Friday, March 25, 2016

Batman v Superman: Dawn of Justice ★★

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    Dear faithful reader: I regret to inform you of this rather unfortunate fact, but as your reporter, I'm afraid that it is my responsibility to do so. (In truth, it's wholly necessary.) "Batman v Superman: Dawn of Justice" is not only an inferior specimen of filmmaking, but it is sincerely one of the most bloated and shallow superhero films that I can remember—it's large-scale entertainment with little grit and a whole lotta spectacle. "The greatest gladiator match in the history of the world," as our terribly miscast antagonist aptly puts it, can never live up to the hype in which it so effortlessly created, and the entire thing reeks of bad choices and even poorer pre-production decision making. (This would be in reference to a script that is as addlebrained as it is tone deaf and to a miscasting that places an extensive burden on the picture.) But there's a sleek new Batsuit and Batmobile, so I guess we're supposed to jump for joy.

     After a decisive showdown between Superman (Henry Cavill) and General Zod that leaves the city of Metropolis in utter ruination, the "Caped Crusader" (more famously referred to as Batman) begins to see the all-powerful superhero in a new light: That is, he now sees him as a direct threat to humanity. More importantly, however, Capital Hill and the public also join in on the bashing and defamation of the "Man of Tomorrow," and it is this rift that primarily fuels the childish conflict betwixt the two heroes—Batman's utilitarian mindset (you know, the frame of mind that holds the greatest happiness of the greatest number as its guiding principle) leads him to a handful of rash conclusions, and Superman, well, he resorts to finger-pointing and does very little to atone for past mistakes. (Essentially, our "Man of Steel" gets the short end of the stick.)

    Then there is Jesse Eisenberg's Lex Luthor, a character who is known for his cold and calculated comportment and antipathy for "The Last Son of Krypton." Eisenberg's zany take on this persona is beyond preposterous, and it just goes to show how important casting judgments can be. (In a manner of speaking, Eisenberg would have made a terrific Batman villain, presumably a Joker or Riddler type of personality, but his interpretation of Luthor is quite suspect, and it's not very convincing.) Additionally, a Lois Lane subplot never really gains traction—mostly because it is moronic and because it adds little to no value to the overall narrative—and the film relies much too heavily on philosophical inquiries and thematic checks that it can't cash. In short, it felt as if I was sitting through a Philosophy 101 course minus the stimulating subject matter. The picture attempts to examine issues of ethics and morality, yet these esoteric topics are hard to engage once escapism becomes the desired end.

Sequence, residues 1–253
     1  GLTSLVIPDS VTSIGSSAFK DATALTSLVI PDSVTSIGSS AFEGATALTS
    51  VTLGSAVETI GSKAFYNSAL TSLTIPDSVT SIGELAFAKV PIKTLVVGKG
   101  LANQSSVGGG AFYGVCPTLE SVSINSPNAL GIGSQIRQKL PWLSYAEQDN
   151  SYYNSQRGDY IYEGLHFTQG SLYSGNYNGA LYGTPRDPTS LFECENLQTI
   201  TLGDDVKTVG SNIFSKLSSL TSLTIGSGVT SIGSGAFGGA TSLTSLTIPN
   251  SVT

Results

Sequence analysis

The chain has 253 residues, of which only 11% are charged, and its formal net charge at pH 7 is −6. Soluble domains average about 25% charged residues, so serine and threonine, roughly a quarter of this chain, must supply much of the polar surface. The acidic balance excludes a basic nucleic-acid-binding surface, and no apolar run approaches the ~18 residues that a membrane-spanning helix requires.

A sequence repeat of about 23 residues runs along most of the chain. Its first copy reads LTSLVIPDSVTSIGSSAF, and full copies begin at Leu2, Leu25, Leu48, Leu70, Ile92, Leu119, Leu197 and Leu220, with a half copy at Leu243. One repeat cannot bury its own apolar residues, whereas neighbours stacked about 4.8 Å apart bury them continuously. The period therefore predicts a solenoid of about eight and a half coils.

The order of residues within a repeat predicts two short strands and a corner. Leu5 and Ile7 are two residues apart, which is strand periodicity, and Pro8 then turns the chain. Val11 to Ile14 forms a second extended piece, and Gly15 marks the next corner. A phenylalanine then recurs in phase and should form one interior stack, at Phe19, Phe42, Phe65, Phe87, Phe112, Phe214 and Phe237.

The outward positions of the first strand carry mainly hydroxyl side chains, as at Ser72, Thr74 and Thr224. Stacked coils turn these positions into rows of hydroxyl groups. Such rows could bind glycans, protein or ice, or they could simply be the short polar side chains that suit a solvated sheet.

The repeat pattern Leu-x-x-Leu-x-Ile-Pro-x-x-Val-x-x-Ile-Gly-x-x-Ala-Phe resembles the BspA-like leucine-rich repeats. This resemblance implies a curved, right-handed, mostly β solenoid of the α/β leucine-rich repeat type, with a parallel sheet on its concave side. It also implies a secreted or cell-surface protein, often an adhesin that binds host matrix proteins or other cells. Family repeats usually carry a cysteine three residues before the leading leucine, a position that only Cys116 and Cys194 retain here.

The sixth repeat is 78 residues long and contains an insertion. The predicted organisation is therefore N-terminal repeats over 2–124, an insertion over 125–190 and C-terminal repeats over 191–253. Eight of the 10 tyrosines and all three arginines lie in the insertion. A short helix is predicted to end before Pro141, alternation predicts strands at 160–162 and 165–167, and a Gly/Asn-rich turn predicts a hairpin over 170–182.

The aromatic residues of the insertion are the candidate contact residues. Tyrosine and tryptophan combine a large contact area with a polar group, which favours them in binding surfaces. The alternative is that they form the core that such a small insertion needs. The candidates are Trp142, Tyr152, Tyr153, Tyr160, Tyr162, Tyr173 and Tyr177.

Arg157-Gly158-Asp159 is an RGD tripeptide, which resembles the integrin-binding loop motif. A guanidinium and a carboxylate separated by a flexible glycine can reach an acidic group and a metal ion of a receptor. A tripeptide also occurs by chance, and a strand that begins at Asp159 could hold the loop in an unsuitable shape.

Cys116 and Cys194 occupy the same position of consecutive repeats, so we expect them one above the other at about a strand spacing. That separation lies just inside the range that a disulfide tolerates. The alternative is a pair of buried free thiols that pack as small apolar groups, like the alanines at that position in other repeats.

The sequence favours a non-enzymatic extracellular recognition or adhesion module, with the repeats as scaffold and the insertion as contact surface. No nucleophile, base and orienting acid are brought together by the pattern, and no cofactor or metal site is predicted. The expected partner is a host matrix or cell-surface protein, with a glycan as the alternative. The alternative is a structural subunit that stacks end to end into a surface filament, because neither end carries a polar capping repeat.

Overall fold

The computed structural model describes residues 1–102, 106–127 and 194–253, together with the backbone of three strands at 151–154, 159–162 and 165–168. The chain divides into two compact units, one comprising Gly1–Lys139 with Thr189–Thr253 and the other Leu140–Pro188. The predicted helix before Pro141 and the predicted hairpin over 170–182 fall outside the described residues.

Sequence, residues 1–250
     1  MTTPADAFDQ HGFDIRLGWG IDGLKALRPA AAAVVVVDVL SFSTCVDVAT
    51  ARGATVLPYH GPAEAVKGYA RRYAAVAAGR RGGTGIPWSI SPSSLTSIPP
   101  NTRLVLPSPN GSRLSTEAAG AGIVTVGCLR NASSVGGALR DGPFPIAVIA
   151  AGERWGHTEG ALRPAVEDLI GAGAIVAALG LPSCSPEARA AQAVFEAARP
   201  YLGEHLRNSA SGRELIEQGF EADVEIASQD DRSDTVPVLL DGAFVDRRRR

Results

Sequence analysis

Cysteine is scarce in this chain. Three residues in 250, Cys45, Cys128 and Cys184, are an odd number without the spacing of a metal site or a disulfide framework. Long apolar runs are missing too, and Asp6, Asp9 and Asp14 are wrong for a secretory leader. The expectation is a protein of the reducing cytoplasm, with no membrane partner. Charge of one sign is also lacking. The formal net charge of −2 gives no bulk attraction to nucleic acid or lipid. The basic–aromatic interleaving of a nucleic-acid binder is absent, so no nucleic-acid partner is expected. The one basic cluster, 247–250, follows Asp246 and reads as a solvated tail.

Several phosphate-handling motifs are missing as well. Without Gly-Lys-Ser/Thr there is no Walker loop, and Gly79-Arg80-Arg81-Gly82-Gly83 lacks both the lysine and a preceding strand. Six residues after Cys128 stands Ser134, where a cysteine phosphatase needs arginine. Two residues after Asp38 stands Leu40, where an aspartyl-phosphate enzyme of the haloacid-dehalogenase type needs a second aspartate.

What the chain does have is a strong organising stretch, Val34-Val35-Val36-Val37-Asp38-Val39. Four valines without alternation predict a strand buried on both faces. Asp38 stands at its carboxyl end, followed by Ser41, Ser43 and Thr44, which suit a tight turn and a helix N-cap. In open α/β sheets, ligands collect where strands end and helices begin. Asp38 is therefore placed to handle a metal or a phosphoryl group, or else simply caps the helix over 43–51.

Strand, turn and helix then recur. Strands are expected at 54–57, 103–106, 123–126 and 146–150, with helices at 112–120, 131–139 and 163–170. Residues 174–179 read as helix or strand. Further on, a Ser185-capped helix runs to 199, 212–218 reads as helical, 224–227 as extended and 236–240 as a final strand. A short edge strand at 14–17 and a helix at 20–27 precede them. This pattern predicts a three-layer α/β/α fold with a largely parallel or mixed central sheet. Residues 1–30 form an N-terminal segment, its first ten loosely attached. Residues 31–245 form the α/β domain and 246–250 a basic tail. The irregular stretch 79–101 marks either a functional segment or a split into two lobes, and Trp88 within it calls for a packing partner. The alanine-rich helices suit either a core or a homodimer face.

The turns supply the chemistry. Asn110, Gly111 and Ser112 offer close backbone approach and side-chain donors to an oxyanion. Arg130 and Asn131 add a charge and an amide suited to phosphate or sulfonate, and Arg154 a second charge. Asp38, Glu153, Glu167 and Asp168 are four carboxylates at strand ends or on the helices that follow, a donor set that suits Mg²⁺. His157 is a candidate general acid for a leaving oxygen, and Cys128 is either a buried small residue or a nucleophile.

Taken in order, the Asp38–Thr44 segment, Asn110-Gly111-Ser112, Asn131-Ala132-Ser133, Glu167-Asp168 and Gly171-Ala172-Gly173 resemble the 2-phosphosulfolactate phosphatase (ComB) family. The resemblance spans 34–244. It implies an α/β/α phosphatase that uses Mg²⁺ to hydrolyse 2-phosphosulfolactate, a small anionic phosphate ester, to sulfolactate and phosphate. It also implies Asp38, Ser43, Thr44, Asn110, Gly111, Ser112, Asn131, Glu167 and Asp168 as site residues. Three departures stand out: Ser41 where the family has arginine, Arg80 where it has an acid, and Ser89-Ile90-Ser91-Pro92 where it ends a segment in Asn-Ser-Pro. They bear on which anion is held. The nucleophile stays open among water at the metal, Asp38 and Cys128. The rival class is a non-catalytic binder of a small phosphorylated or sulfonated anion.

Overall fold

What's worse is the fact that both heroes deal in what I would regard as foolish absolutes, and this is something that irks me to the core of my being. Batman claims that "If we believe there's even a one percent chance that he is our enemy, we have to take it as an absolute certainty" when discussing the newly discovered threat posed by the "Metropolis Marvel"; Superman asserts that he will have to convince "The Dark Knight" to aid him or else he must kill him. (I wonder if the filmmakers, and especially David S. Goyer who helped pen the script, realize just how dumb this makes their characters sound.) Tack on an unavailing apocalyptic dream sequence, a Batmobile chase scene that is relentlessly loud and banal, and a climax that places every asset in a position to fail, and the end result is a movie that's simply ill considered.